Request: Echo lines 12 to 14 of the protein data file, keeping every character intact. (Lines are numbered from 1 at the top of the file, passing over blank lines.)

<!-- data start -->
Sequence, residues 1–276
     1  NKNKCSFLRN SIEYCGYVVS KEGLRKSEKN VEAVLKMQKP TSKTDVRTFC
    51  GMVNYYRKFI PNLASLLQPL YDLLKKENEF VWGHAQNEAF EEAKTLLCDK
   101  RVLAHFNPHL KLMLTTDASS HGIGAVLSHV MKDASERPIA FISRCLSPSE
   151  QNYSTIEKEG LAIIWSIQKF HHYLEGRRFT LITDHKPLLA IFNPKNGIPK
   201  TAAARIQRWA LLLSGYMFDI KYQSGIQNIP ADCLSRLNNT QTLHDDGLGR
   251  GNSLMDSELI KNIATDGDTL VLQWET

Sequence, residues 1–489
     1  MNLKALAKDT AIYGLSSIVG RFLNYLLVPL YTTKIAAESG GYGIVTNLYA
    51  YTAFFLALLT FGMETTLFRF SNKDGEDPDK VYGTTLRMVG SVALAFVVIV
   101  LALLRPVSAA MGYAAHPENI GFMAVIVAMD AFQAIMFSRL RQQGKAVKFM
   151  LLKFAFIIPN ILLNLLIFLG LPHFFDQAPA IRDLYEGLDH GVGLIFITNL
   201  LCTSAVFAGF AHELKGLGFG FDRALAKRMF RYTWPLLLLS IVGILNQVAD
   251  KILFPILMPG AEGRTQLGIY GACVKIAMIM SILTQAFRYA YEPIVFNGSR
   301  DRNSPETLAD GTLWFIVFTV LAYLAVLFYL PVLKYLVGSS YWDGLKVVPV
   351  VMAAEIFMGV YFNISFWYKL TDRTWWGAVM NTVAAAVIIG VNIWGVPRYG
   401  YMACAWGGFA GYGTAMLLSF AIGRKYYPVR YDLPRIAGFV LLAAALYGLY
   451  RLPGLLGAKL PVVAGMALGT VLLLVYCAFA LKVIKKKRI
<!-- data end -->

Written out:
   151  LLKFAFIIPN ILLNLLIFLG LPHFFDQAPA IRDLYEGLDH GVGLIFITNL
   201  LCTSAVFAGF AHELKGLGFG FDRALAKRMF RYTWPLLLLS IVGILNQVAD
   251  KILFPILMPG AEGRTQLGIY GACVKIAMIM SILTQAFRYA YEPIVFNGSR